If you told Monika Schaefer her life had gone to pot, she would agree. That’s pot, as in pottery, and Monika is not only a dedicated potter but she has helped many others enjoy the craft. Since joining the Burlington Potter’s Guild 20 years ago, she has been on the executive, set up the website (which she also manages), co-ordinated sales for potters at the Art Gallery of Burlington (AGB) and run electric kiln training workshops. She’s also the Guild’s sales chair. And, of course, she makes pots, lot of them, as well as other enchanting items, like birdbaths and garden ornaments. “I am lovingly referred to as the GOAT which means Goddess Of All Things,” says Schaefer, laughing.
She’s one of the many potters who have worked quietly behind the scenes to keep the Burlington Potter’s Guild alive and thriving. The Guild was formed in January 1969 when a small group of experienced potters came together to celebrate their art and, within ten years, they had 100 members, 18 wheels, two kilns and were offering some 27 classes. The AGB is a great base for them and is also home to the largest contemporary ceramic art collection in Canada, as well as home to several other Guilds.
The Guild’s goal is to provide a welcoming and learning environment for members to further their craft. Members meet monthly, bring in guest speakers and arrange two sales per year. Then there’s the social aspect. “What I like about the Guild is that it is very welcoming and people are willing to share experiences, tips and techniques, no matter what your experience level,” Schaefer states.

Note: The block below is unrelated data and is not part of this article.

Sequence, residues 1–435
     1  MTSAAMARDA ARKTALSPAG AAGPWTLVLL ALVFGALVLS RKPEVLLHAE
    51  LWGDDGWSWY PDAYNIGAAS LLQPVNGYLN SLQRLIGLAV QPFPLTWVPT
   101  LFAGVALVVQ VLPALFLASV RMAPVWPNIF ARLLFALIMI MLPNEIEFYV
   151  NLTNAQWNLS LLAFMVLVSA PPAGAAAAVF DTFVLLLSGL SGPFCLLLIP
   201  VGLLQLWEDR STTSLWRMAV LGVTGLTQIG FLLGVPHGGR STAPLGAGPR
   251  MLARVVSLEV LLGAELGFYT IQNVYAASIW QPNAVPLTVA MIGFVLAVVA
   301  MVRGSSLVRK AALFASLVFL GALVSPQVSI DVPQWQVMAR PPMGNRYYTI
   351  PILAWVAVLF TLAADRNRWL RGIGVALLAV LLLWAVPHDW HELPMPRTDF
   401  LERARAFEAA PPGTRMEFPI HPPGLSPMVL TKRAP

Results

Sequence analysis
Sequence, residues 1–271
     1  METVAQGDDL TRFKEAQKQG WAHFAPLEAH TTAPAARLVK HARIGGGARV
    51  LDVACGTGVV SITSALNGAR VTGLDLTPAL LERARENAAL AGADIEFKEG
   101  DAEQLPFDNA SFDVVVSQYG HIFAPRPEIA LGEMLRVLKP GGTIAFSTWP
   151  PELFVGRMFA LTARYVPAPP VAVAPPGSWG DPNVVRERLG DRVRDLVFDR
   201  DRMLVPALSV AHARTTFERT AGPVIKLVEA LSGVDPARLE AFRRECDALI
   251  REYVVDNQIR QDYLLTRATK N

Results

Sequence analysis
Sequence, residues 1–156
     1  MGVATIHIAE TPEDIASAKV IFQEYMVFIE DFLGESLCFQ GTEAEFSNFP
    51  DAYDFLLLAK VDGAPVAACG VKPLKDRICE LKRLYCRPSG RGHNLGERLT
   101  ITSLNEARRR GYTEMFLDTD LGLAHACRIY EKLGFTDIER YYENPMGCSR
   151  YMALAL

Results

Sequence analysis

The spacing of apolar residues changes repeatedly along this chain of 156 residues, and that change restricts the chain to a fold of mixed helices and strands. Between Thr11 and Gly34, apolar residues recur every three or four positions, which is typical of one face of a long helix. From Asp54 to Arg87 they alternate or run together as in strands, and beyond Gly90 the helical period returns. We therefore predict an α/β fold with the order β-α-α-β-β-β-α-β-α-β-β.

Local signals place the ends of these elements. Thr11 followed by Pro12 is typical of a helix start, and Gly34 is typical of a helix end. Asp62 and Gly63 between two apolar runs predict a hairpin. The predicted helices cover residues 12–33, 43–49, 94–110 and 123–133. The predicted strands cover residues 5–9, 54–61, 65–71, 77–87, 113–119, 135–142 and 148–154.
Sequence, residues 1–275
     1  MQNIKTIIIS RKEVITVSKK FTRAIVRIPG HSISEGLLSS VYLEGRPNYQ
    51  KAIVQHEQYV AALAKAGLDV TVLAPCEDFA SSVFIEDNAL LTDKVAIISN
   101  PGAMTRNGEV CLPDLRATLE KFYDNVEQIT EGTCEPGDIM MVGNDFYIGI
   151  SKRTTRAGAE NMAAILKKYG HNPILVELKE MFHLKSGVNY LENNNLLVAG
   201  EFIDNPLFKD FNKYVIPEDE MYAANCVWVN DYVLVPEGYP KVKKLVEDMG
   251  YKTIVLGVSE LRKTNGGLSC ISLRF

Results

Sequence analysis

Many members, including Schaefer, joined as a beginner after taking a class at the AGB. Now she teaches. After all these years, she’s never lost her love of the clay craft. “I love how it feels in my hands, especially when it’s at the leather hard stage and at that point it can be carved into. I also love the Christmas morning like surprise every time I open the kiln and see how that load has turned out,” she says.
Toss your worries aside and try your hand at throwing some clay on a pottery wheel to see what you can create. Fire up the kiln and fire up your imagination.
Benefits of Pottery
It’s messy, it’s creative and making pottery is also said to have health benefits,
including the following:
It’s a chance to practice mindfulness.
You only focus on your creation rather than worries outside of the studio.
Focusing on the pottery helps the mind relax, which transitions to all aspects of life.
It helps you express your creativity and
it is something people of all ages can participate in.
The act of making pottery is gentle yet
it helps to strengthen the hands, wrists and arms.
It’s immensely fun for everyone, especially kids.
When kids get to squish, roll and manipulate the clay
it gives them freedom to express themselves and
they get a kick out of how the clay feels in their hands.
Over time, working with clay gives children
more precise motor control and hand-eye co-ordination.
It captures memories.
Archaeological digs recover age-old pottery and offer
clues to civilizations past. While your work may not one day end up
in a museum,seeing your work on display instills pride and
serves as a reminder of your accomplishments.
by Denise Davy
Burlington Potter’s Guild